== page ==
Practical student internships play an important role in university courses but some placements can be disappointing because a ‘one size fits all’ programme often fails to deliver in terms of a relevant and useful industry experience for the student.
But what if students could design their own internship – one that delivers exactly what they are looking for in terms of hands-on experience and which helps focus and guide their future work plans?
That’s exactly what a unique partnership between King and Wood Mallesons (KWM) and the UTS Law Faculty has achieved for Aboriginal and Torres Strait Islander students.
The new Pathways Programme is especially for indigenous law students and it was designed by them as well.
Earlier this year KWM representatives held an intensive ‘design thinking’ workshop with a group of indigenous UTS Law students.
Over several hours of discussion and collaboration, KWM’s Community Impact Manager, Megan Barnett-Smith helped the students pinpoint their needs and aspirations and define what their ideal internship would look like:
Design Thinking was integral to the creation of this programme. The workshop allowed us to truly listen to what indigenous students want in an internship and that’s exactly what we are now delivering.
The result is a 24 day flexible paid work experience program which will run over three months.
It offers Aboriginal and Torres Strait Islander law students a ‘smorgasbord’ of experiences across the various career pathways available in the legal profession.
The goal is to help the students develop industry specific skills and ensure they are well placed to secure employment in the legal industry once they complete their studies.
Head of KWM’s Pro Bono and Community Impact program, Dan Creasey, says legal internships must evolve to fit the changing workplace and the Pathways Programme helps to address the barriers to entry faced by many indigenous students:
It’s about providing Aboriginal and Torres Strait Islander students with the chance to engage directly with the industry throughout the course of their degree and about ensuring that they have the best possible experience when interning at KWM. It is a step in the right direction with regard to a greater representation of Indigenous Australians in our profession.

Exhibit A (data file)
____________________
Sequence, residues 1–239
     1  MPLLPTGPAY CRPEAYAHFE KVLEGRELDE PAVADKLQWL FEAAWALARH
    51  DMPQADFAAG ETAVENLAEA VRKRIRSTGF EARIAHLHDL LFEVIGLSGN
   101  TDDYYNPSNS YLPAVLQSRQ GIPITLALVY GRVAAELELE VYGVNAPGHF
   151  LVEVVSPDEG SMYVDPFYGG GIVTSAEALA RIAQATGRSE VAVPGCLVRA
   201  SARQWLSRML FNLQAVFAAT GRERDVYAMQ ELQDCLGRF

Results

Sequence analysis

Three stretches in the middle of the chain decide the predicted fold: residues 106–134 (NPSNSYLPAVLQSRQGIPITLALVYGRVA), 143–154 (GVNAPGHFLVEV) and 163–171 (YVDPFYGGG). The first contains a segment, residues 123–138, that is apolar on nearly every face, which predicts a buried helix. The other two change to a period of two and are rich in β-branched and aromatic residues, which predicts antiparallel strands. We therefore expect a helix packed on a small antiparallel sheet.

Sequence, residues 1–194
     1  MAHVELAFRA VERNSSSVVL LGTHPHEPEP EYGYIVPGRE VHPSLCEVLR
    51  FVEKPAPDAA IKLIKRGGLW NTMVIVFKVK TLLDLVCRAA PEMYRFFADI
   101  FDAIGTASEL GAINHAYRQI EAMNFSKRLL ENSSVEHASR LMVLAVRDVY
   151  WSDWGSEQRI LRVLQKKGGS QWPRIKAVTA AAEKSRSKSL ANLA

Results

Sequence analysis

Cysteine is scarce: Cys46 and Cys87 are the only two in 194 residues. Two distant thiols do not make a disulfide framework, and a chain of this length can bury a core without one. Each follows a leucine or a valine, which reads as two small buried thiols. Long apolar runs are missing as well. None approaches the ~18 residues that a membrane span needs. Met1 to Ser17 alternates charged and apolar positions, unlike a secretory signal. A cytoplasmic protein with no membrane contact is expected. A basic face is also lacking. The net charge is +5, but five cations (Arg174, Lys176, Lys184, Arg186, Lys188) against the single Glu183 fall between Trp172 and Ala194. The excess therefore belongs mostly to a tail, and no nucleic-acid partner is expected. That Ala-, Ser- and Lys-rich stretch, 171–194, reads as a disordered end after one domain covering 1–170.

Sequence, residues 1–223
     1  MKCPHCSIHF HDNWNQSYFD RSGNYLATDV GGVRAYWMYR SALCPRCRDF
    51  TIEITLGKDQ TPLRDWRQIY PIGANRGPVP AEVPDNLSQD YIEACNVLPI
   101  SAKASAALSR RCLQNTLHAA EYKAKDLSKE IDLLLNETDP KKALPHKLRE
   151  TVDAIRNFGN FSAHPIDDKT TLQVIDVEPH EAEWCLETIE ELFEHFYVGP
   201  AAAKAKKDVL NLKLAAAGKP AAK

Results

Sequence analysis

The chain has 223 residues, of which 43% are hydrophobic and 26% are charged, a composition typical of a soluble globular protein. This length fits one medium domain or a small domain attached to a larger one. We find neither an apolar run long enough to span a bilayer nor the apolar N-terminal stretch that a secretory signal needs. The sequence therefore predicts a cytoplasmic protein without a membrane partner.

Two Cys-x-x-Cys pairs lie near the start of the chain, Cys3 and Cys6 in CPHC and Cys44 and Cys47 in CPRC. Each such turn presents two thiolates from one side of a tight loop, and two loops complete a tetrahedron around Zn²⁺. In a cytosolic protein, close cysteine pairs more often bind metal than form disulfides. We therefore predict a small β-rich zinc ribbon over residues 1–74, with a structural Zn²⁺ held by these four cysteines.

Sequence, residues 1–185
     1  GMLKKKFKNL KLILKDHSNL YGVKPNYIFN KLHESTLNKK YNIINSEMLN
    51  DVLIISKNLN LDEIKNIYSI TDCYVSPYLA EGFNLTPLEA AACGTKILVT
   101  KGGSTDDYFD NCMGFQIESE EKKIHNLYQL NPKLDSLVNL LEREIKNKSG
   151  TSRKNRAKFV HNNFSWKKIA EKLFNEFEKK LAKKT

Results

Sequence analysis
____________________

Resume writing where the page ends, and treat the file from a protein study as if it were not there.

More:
UTS Law Associate Dean, Maxine Evers says the UTS Law degree is particularly focussed on the practical and the Pathways programme is a perfect fit:
We have a strong reputation for practical and professional learning through our course work and our partnership programmes. We are also committed to embedding indigenous learning across all our courses as well as assisting our indigenous students reach their full potential.
The flexible programme means students will be able to choose their preferred working days and their legal practice areas of interest as well as additional secondment and networking experiences.
KWM has engaged its clients and community partners so interns will have the added advantage of working with the Human Rights Law Centre, AGL Energy and Tabcorp.
Executive Director of the Human Rights Law Centre, Hugh de Kretser says this initiative will help to address some of the failings of the past:
For too long Aboriginal and Torres Strait Islander people have been excluded from Australian legal systems and this has contributed to the harm that legal systems have caused them. The co-designed process in particular should be commended. We’re proud to be part of Pathways and look forward to welcoming the students to the Centre.
KWM launched Pathways to coincide with NAIDOC week. Students will begin their bespoke internship journey later this month and KWM plans to expand the programme to include the firm’s other offices around Australia.